We will slowly be increasing our worry level over the possibility of a major West Coast USA earthquake of the severest sort in coming months.
The other reason is somewhat more subtle: Recent rains and flooding in SoCal will eventually seep into the ground. There are some deep thinkers in seismology who note a correlation between heavy rains and deep earth lubricity.
Fluids are known to be of major importance for the earthquake genera
tion because pore pressure variations alter the strength of faults. Thus they
can initiate earthquakes if the crust is close enough to its critical state. Based
on the observations of the isolated seismicity below the densely monitored
Mt. Hochstaufen, SE Germany, we are now able to demonstrate that the crust
can be so close-to-failure that even tiny pressure variations associated with
precipitation can trigger earthquakes in a few kilometer depth. We ?nd that
the recorded seismicity is highly correlated with the calculated spatiotem
poral pore pressure changes due to di?using rain water and in good agree
ment with the response of faults described by the rate-state friction law.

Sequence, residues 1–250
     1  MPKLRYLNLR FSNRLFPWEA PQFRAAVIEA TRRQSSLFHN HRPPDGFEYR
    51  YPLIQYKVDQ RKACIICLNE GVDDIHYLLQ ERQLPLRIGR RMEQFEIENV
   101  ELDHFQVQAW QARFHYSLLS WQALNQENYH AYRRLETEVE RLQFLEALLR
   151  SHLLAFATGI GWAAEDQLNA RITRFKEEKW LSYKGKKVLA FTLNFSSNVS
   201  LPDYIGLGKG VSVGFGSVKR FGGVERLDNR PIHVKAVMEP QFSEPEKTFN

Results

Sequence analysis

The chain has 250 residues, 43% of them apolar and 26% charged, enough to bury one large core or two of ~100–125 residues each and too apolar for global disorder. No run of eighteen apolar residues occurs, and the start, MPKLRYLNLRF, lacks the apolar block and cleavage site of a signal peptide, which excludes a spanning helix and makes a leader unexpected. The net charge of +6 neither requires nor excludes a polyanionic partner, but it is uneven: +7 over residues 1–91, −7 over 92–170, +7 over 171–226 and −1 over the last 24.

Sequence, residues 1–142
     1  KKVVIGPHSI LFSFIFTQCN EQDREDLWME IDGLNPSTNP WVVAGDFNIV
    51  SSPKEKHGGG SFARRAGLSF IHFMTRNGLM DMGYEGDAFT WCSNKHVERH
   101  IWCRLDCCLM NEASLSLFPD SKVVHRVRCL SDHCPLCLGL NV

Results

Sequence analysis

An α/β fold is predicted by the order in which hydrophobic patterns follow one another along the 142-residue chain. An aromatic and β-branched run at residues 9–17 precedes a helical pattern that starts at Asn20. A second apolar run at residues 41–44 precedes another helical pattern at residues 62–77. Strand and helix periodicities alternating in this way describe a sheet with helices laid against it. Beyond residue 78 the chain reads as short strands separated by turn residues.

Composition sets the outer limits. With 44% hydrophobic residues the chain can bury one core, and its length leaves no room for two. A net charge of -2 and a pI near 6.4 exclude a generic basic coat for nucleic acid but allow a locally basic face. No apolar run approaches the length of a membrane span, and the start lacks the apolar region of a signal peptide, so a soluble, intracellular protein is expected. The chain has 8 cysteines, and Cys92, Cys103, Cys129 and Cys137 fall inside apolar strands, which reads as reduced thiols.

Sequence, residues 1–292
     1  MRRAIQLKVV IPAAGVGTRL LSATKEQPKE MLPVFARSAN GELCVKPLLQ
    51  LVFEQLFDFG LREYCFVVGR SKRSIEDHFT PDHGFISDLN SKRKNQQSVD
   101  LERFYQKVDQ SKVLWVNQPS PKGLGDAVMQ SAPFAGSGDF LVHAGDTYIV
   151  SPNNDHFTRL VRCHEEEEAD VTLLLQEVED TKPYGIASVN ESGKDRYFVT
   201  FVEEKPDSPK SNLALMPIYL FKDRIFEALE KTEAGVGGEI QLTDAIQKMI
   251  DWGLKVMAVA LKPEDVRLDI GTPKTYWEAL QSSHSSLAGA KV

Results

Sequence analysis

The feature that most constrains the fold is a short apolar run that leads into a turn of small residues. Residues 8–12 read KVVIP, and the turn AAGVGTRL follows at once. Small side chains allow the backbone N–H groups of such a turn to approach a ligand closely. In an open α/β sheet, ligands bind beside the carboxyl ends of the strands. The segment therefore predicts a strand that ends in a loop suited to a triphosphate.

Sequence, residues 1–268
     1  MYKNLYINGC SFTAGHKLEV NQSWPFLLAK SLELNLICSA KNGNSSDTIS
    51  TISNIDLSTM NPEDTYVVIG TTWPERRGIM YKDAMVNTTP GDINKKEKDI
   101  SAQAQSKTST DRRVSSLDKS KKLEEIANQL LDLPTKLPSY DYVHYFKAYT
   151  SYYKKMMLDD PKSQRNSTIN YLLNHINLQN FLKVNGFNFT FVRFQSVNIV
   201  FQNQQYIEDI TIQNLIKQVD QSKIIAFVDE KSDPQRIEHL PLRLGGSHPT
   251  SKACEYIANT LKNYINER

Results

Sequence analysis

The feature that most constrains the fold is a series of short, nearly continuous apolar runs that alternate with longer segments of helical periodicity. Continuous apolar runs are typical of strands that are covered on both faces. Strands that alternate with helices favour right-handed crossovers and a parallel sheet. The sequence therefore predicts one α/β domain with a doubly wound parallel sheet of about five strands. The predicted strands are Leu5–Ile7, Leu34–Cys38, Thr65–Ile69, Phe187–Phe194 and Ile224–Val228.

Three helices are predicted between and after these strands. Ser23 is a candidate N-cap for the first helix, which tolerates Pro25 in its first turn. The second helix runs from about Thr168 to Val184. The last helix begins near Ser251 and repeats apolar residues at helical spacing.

If the mechanics work on one side of the world, the odds it works in the Western Hemisphere seem pretty good to me. So depending on penetration rates and pressure gradients, we will be penciling in a Spring or Fall equinox 2016 major quake series for California as a “greater than zero” probability. Equinox being the time of fastest crustal movements, with three weeks leeway either direction being reasonable. As in the Honshu series.
Remember where you heard it first, my bet being fall 2016.
Another Day, Another Government
Burkina Faso (in Africa) may have some real estate bargains as revolution has swept the country.
France, former colonialists of the Upper Volta in West Africa have been quick to denounce the coup d’état. Our worry is that the new regime will throw in with the Global Caliphate.
Catching Up With Our Math
We note (admittedly with a side order of glee) that the rest of the world is getting out its calculators on this whole world-wide assault on borders, which is clearly designed to bring chaos from whence a New World Order will arise and proclaim its providence.
U.S. Has Taken In 24 Times More Migrants Than Pope’s Home Country of Argentina notes one report. So yes, everyone including the Pope has picked at the US over our non-border with Mexico and now the calculators are coming out with the truth:
In deference to our Catholic readers, I won’t say things like “Pope-a-dope on immigration” but that would be fair comment – unless you work for Univision.
Hand me more batteries, the BS never stops…but electrons and calculators are the battleground.
Truth, justice, and the [Enter] key.